Exploratory Factor Analysis PPT (1) - Exploratory Factor...

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EDP 7110 Exploratory Factor Analysis
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2 Overview 1 What is factor analysis? 2 Assumptions 3 Steps / Process 4 Examples 5 Summary
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3 What is factor analysis? 1 What is factor analysis? 2 Purpose 3 History 4 Types 5 Models
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4 Conceptual model of factor analysis FA uses correlations among many items to search for common clusters.
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5 Factor analysis Is used to identify clusters of inter- correlated variables (called ' factors '). Is a family of multivariate statistical techniques for examining correlations amongst variables. Empirically tests theoretical data structures . Is commonly used in psychometric instrument development .
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6 Purposes There are two main applications of factor analytic techniques: 1. Data reduction : Reduce the number of variables to a smaller number of factors. 2. Theory development : Detect structure in the relationships between variables, that is, to classify variables.
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7 Purposes: Data reduction Simplifies data structure by revealing a smaller number of underlying factors Helps to eliminate or identify items for improvement : redundant variables unclear variables irrelevant variables Leads to calculating factor scores
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8 EFA = Exploratory Factor Analysis explores & summarises underlying correlational structure for a data set CFA = Confirmatory Factor Analysis tests the correlational structure of a data set against a hypothesised structure and rates the “goodness of fit” Two main types of FA: Exploratory vs. confirmatory factor analysis
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9 This course focuses on Exploratory Factor Analysis However, note that Confirmatory Factor Analysis (and Structural Equation Modelling) is generally preferred but is more advanced and recommended for graduate level. This lecture focuses on exploratory factor analysis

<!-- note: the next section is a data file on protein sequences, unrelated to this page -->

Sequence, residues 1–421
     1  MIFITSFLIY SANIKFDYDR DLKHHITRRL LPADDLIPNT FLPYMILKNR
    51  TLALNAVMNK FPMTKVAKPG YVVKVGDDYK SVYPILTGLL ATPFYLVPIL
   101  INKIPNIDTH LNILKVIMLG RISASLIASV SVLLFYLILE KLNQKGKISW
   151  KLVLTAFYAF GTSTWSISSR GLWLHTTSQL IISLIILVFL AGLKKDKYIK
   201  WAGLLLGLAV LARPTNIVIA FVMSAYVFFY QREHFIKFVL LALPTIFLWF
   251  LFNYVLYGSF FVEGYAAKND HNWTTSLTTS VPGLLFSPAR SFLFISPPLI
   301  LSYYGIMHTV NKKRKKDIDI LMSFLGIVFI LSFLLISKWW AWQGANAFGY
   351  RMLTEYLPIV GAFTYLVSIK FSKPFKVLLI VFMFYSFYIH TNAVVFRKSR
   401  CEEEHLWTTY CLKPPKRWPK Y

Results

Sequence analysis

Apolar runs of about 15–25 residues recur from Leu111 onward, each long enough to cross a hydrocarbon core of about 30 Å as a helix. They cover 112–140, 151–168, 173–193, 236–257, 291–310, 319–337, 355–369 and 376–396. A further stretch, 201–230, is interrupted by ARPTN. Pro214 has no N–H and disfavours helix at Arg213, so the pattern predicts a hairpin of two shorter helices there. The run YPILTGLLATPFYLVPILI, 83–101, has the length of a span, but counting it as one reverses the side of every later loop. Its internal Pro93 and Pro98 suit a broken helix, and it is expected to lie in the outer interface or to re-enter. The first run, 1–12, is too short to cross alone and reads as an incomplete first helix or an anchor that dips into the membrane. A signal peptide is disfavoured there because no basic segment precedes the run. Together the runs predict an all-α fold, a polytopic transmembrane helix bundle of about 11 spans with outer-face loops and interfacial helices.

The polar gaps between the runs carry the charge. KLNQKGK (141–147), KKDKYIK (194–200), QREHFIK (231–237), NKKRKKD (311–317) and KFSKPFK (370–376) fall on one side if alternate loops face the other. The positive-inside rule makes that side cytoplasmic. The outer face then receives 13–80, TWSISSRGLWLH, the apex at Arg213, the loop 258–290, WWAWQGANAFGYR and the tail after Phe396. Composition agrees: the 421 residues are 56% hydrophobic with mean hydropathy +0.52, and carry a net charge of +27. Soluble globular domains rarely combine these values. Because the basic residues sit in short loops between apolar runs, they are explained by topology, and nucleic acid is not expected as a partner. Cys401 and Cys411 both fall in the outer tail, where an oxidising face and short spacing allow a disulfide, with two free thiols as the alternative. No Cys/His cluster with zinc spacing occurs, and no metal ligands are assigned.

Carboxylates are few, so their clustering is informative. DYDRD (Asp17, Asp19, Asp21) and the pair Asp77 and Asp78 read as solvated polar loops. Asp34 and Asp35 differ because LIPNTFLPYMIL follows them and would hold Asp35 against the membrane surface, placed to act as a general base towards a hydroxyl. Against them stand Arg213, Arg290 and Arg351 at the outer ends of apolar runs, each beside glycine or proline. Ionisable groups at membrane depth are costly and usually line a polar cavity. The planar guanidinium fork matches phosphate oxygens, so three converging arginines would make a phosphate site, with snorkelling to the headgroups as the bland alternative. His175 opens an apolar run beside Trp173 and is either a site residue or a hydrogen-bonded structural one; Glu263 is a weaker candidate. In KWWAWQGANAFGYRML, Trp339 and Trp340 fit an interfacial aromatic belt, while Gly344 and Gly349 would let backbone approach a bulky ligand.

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10 Factor 1 Factor 2 Factor 3 Conceptual model - Simple model e.g., 12 items testing might actually tap only 3 underlying factors Factors consist of relatively homogeneous variables.
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11 Question 1 Conceptual model - Simple model Question 2 Question 3 Question 4 Question 5 Factor 1 Factor 2 Factor 3 Each question loads onto one factor
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12 Question 1 Conceptual model - Complex model Question 2 Question 3 Question 4 Question 5 Factor 1 Factor 2 Factor 3 Questions may load onto more than one factor
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Example: Essential facial features (Ivancevic, 2003)
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14 Six orthogonal factors, represent 76.5% of the total variability in facial recognition (in order of importance): upper-lip eyebrow-position nose-width eye-position eye/eyebrow-length face-width Example: Essential facial features (Ivancevic, 2003)
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15 Assumptions Check 1 GIGO 2 Sample size 3 Levels of measurement 4 Normality 5 Linearity 6 Outliers 7 Factorability
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16 Assumptions Check 2.Sample size Min of 5 cases per variable is required for factor analyis. A sample of 100 cases is acceptable but sample size of 200++ are preferable.
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17 Assumptions Check 6.Outliers Variable with a low squared multiple correlation with all other variables and
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  • Fall '15
  • Kaiser

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